Cystic fibrosis (CF) is a potentially life-threatening disease that causes thick, sticky mucus to build up in the lungs, digestive tract, sinuses and reproductive organs. This build-up causes serious lung infections and digestion problems.
CF also causes loss of large amounts of salt in the sweat, which upsets the balance of minerals in the blood. This imbalance can lead to dehydration, increased heart rate, fatigue, weakness, low blood pressure, heat stroke and rarely, death.
CF is an inherited disease. In the United States, one in 3500 people are born with the condition. It is most common among Caucasians of Northern European descent and least common among African Americans and Asians. Because CF is present at birth, it is typically diagnosed in children before the age of two, but milder forms of the disease may not be diagnosed until early adulthood.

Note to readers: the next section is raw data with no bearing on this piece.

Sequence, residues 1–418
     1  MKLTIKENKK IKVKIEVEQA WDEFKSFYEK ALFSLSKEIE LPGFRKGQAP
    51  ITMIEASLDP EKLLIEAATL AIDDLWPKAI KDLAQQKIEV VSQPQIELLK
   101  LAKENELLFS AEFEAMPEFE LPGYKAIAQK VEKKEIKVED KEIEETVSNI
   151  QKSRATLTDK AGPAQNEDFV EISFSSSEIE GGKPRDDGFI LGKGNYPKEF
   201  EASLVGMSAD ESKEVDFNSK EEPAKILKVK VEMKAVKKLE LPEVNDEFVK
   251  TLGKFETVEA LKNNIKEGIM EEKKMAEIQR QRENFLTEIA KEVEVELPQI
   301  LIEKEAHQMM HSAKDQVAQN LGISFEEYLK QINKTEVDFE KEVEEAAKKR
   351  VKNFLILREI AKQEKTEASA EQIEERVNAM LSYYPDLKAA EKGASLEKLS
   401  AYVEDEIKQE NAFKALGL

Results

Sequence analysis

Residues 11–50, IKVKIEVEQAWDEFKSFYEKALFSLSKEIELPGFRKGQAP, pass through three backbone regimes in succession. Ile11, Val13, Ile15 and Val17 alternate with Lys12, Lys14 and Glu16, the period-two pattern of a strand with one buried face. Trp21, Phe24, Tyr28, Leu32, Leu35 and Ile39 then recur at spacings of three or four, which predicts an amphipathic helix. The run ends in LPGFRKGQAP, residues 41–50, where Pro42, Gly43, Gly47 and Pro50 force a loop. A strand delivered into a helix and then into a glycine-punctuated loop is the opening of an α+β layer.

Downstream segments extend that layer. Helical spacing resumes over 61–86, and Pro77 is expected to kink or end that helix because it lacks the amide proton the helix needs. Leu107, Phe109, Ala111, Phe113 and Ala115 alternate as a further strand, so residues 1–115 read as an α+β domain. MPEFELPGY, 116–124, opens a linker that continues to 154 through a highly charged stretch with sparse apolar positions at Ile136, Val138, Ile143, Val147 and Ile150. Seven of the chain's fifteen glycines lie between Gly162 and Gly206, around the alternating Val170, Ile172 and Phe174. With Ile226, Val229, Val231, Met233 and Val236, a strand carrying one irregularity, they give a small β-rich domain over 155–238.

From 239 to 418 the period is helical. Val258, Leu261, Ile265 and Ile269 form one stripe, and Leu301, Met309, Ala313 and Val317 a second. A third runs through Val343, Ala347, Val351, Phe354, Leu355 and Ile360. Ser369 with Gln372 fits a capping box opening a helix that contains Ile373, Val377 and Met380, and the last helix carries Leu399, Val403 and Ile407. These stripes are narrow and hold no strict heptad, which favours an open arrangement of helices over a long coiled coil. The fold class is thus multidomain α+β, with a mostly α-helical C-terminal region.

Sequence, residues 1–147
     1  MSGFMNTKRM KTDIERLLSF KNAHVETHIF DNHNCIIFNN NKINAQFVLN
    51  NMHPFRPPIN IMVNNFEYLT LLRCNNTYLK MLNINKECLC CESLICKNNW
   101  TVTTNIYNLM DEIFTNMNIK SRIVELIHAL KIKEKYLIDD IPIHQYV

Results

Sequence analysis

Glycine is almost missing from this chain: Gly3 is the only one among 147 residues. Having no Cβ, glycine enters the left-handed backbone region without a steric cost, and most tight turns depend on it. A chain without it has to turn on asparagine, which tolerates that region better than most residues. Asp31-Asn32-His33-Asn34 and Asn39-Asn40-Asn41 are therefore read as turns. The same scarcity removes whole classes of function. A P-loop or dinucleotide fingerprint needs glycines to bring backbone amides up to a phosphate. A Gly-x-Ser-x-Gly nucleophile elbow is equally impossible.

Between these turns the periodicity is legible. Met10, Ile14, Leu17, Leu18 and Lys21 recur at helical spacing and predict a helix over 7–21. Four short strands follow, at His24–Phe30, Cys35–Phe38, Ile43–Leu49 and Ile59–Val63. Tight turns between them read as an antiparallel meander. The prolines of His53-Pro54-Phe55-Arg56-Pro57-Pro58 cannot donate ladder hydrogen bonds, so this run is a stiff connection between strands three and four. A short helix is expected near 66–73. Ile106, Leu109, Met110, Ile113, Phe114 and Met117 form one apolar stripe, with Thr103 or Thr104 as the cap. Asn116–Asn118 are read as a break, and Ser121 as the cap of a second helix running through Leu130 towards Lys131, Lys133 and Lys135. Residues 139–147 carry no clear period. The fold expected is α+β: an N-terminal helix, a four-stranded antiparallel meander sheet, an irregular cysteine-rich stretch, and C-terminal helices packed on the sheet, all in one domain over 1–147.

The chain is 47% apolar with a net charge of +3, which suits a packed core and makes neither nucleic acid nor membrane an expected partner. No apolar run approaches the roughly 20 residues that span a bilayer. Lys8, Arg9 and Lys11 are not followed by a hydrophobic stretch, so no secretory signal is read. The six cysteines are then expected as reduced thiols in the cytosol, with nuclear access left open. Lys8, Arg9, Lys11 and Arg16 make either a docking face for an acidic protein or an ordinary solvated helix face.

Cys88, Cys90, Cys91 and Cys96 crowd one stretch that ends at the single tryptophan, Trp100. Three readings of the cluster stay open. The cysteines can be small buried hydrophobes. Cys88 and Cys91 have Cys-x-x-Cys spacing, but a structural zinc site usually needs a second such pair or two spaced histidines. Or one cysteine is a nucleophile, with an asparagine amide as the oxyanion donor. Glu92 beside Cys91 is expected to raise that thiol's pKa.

Symptoms of Cystic Fibrosis
CF has many different symptoms depending on the person’s age and the organs affected.
Symptoms in newborns:
- Delayed growth
- Not gaining weight at a normal rate during childhood
- No bowel movements within 24-48 hours after birth
- Skin that tastes salty
Symptoms in adulthood:
- Respiratory symptoms
- Pancreatitis (inflammation of the pancreas)
Symptoms related to bowel function:
- Severe constipation
- Stomach pain
- Gas, bloating, or a belly that appears swollen
- Poor appetite
- Stools that are pale or clay colored, foul smelling, have mucus, or that float
- Weight loss
- Coughing or increased mucus in the sinuses or lungs
- Nasal congestion caused by nasal polyps
- Sinus pain or pressure caused by infection or polyps